It’ll be a season of new beginning for the safety group in Green Bay, as they said goodbye to an old friend in Morgan Burnett and hopefully, welcome back the Ha Ha Clinton-Dix of 2016. To replace Burnett, the Packers turn to another highly touted prospect in Josh Jones while leaning on the hopeful growth of a couple of third-year players.
The 2016 Second-Team All-Pro struggled mightily last year but still had moments of great play. Now in a contract year, it’ll be up to him to bounce back to his All-Pro play.
- Natural playmaker with great range in coverage
- Durable, hasn’t missed a game in career.
- Locker room leader who has the respect of teammates and opponents alike.
- Underwhelmed in 2017 after a strong 2016.
- Goes for the big hit sometimes and misses tackles.
Scale (If 1 is the player has absolutely no chance of making the final 53-man roster and 10 is the player is a surefire lock, where does this player rank?)-10
Clinton-Dix is a very good safety who could be elite. He should be one of Mike Pettine’s building blocks.
Last year’s second-round pick is playing strong safety full time after being thrown into the deep end last year as a hybrid player. He’s expected to take over for Morgan Burnett this year and provide a strong, physical presence in the secondary.
- Elite athleticism to fly sideline-to-sideline.
- Effective blitzer off the edge.
- Big hitter who isn’t afraid of contact.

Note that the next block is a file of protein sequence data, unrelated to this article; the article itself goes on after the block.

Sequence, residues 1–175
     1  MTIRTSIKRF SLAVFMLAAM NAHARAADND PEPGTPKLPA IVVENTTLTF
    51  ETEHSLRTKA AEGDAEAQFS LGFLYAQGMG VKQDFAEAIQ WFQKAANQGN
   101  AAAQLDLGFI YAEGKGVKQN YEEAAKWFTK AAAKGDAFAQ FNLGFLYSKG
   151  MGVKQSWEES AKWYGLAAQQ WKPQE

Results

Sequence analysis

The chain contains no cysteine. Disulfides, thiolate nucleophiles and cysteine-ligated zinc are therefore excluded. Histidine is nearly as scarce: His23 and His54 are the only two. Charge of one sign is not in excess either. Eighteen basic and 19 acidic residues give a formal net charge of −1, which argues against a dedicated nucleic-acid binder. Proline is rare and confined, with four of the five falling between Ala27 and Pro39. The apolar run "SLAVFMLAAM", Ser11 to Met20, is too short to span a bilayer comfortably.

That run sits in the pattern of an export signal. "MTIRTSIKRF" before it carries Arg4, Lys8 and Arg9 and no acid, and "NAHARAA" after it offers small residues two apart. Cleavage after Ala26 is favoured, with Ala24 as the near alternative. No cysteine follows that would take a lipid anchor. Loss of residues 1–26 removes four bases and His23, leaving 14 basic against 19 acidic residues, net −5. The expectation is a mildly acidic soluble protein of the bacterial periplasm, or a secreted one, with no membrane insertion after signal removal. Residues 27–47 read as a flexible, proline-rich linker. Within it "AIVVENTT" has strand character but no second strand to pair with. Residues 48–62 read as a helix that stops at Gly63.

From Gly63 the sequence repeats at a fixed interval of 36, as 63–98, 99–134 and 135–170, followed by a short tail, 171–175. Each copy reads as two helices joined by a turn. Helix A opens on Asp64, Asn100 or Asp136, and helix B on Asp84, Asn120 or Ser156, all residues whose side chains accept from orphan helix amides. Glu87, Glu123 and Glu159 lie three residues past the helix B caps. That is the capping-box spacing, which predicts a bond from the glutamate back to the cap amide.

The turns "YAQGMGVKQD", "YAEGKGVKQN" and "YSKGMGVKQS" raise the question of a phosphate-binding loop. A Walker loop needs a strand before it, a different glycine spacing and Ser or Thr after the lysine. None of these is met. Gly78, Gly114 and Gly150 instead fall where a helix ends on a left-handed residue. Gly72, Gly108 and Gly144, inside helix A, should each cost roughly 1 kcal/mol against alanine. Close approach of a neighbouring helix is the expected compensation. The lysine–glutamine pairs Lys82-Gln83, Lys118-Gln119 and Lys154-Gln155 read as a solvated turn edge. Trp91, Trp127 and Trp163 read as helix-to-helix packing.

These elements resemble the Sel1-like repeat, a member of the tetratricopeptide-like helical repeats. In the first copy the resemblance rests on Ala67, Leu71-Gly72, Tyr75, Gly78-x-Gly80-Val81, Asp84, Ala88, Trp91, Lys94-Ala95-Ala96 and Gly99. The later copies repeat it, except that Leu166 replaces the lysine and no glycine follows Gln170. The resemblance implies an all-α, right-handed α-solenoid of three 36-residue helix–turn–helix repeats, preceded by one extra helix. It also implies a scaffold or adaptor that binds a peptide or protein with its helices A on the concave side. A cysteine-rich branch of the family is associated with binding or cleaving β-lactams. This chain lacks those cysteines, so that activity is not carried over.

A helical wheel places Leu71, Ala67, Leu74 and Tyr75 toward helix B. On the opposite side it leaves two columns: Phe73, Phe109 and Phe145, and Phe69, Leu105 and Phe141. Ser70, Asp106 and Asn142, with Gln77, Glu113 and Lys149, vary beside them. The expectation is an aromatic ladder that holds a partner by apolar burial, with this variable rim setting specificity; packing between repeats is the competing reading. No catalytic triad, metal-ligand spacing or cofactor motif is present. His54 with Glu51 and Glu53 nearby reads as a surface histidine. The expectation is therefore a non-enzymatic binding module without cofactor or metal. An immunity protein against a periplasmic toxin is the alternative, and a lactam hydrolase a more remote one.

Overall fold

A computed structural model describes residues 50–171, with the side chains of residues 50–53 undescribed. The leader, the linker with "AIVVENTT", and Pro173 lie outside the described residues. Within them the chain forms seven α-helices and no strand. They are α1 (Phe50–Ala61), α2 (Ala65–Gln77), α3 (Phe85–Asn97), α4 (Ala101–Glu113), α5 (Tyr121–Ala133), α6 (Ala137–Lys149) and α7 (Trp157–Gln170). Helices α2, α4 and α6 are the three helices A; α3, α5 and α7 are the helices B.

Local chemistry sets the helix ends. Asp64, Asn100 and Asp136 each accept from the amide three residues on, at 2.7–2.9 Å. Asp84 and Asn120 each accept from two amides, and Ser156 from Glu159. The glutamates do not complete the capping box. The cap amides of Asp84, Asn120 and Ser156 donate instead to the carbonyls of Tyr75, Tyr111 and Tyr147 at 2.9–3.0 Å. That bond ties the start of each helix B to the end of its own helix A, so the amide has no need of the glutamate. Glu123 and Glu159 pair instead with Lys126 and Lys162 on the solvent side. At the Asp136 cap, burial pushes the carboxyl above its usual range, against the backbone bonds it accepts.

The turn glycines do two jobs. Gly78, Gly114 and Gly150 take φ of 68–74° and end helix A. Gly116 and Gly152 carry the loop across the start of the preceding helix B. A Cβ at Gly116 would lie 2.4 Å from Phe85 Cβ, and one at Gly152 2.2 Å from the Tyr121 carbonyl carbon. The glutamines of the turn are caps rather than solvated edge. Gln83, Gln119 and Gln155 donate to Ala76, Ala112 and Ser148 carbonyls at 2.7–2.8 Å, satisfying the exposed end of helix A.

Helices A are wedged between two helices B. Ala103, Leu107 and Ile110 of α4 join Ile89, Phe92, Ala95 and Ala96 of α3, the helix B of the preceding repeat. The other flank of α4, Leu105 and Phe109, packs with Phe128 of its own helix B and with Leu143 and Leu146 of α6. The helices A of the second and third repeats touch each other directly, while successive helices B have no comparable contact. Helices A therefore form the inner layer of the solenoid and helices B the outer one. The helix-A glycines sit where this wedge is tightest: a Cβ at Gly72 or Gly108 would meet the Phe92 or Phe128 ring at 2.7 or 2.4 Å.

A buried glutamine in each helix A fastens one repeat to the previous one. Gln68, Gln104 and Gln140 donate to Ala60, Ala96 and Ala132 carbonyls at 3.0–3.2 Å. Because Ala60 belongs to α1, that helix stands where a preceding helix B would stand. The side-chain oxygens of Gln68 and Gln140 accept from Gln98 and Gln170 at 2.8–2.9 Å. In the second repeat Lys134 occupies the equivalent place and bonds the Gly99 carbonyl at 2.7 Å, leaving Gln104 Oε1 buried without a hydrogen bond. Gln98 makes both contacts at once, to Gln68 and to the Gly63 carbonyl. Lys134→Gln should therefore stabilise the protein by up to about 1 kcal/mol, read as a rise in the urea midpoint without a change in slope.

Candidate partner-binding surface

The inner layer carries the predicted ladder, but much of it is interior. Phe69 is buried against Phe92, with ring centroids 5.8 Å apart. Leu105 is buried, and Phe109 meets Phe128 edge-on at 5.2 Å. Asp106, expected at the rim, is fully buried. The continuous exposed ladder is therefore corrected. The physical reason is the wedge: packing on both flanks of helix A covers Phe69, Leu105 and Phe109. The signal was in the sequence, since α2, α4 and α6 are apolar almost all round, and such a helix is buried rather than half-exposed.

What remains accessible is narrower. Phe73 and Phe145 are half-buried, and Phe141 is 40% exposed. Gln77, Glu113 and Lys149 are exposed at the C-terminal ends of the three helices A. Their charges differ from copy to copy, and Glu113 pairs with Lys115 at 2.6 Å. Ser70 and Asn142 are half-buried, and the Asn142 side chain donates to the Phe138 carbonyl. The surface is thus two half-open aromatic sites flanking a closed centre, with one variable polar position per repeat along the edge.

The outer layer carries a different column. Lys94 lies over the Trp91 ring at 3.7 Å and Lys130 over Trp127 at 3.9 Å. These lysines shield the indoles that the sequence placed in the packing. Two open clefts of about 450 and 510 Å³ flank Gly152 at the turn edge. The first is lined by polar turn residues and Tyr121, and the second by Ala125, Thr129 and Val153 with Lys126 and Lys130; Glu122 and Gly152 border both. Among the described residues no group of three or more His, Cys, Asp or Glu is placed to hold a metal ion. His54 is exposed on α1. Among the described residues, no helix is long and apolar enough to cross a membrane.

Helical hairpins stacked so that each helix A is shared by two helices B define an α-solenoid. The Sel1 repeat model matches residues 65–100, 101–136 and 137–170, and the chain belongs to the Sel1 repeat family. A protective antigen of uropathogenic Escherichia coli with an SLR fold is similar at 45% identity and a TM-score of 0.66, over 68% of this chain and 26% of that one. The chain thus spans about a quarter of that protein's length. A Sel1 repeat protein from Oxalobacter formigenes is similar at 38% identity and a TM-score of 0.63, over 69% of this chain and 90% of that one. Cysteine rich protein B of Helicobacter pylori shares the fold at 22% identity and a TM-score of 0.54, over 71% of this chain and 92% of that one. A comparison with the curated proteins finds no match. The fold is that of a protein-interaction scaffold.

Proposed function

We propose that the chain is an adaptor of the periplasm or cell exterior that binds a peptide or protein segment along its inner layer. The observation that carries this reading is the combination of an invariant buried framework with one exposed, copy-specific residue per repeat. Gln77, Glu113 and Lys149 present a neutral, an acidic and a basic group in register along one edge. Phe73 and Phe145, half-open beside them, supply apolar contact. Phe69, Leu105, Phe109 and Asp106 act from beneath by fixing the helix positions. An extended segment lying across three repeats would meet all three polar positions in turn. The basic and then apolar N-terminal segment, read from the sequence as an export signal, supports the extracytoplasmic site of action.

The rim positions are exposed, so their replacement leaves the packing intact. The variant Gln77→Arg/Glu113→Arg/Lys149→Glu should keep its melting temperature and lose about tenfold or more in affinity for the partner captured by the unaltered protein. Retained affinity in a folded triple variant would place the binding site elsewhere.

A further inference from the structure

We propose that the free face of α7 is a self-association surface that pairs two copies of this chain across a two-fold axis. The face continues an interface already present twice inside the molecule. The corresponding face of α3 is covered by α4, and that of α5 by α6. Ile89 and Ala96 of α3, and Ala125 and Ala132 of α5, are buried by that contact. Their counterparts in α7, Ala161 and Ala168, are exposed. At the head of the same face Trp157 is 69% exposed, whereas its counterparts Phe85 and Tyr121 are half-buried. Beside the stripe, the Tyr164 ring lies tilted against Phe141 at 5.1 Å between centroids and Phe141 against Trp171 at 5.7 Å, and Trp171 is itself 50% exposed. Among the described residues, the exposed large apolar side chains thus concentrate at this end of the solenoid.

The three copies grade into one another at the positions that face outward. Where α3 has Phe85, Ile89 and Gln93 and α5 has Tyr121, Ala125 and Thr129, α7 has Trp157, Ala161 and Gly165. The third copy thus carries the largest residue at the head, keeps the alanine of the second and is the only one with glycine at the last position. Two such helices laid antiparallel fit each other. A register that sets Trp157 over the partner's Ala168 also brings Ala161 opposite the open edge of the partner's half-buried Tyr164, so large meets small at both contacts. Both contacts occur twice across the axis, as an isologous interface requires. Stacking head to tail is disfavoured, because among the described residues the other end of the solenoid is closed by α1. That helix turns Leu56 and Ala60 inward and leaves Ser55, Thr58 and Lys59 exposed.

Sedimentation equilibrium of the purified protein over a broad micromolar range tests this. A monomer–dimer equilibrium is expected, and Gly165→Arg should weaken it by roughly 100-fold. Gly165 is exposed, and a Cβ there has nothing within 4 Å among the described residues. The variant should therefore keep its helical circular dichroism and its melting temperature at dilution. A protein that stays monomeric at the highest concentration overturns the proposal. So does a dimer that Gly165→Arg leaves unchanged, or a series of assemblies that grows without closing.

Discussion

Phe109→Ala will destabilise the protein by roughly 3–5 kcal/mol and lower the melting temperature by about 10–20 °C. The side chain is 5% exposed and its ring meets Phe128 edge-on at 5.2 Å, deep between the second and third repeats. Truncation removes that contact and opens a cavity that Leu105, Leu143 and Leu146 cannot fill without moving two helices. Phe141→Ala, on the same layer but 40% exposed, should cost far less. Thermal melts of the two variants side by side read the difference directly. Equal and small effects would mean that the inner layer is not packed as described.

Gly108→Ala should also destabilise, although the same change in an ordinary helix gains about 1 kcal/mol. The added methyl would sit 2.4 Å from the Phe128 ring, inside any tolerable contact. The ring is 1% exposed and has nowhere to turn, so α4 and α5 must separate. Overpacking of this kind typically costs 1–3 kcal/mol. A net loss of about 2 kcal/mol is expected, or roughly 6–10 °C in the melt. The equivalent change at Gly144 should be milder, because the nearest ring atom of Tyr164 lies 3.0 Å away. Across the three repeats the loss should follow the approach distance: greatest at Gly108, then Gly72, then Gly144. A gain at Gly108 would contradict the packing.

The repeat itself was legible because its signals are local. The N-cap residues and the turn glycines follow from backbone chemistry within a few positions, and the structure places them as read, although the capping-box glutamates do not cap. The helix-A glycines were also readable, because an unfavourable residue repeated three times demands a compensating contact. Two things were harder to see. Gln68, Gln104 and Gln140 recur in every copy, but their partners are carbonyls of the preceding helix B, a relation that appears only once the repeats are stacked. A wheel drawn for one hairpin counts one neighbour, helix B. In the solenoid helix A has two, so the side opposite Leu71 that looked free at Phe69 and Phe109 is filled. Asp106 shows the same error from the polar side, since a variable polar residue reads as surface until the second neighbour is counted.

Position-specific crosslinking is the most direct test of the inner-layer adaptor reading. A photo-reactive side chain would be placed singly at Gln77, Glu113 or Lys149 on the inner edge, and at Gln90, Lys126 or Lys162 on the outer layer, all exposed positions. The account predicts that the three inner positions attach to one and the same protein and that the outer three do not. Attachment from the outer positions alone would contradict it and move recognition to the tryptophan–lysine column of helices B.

- Doesn’t trust his instincts enough.
- Overaggressive at times going for a big hit and misses tackles.
Gutekunst let Burnett walk because they trust Jones. He’s a key for the future at the position in Green Bay.
Special teams stud who missed some time last year with an injury. Now healthy, he’ll get the first chance to seize the third safety job and could even push Jones.
- Aggressive, physical hitter who strikes fear in receivers.
- Exceptional range to play center field in coverage.
- Special teams leader who plays on every unit.
- Overaggressive and misses tackles.
- Coming off a season-ending injury.
- Can be caught flat-footed in coverage.
Brice is a lock for the roster. Even if he doesn’t see a ton of time on defense, he’ll be one of the leaders on special teams.
Now in his third year, the Wisconsin native has really come into his own on special teams but hasn’t seen much time on defense. With Clinton-Dix the only returning stalwart, Evans has a chance to seize a role as the backup free safety.
- Above average athleticism.
- Fluid in coverage, a natural free safety.
- Special Teams extraordinaire.
- Has not gotten significant playing time in the past two seasons on defense.
- Not a natural playmaker.
Evans is in good shape to make the squad. It’d take a herculean effort by the guys below him on the depth chart to put him in serious jeopardy.
The definition of a “bubble” player, Whitehead has had a few stints on the 53-man roster with the team but hasn’t been able to carve out a significant role. He’ll need to become Jarrett Bush 2.0 to stick this time around.
- Physical tackler who drive through the ballcarrier
- Significant Special Teams experience
- Brings little to the team as a safety.
- Penalty prone.
Whitehead has a very small path to the roster and it’ll reside on special teams. But it’s unlikely that he’ll jump over Brice, Evans, or Lenzy Pipkins.
One of the better ballhawks in the nation the past couple years, Greene looks to make the big jump to Green Bay. He’s stuck behind a lot of guys who have similar skill sets, and will have to be a quick study and special teams stud to make it.
- Experienced and durable (49 Starts in college)
- Good ball skills (14 interceptions)
- Above average range.
- Small school prospect who’s making a big jump to the NFL.
- Average tackler
Greene is an intriguing prospect but with all the young talent ahead of him, he’s likely destined for the practice squad.
*Written by Mike Wendlandt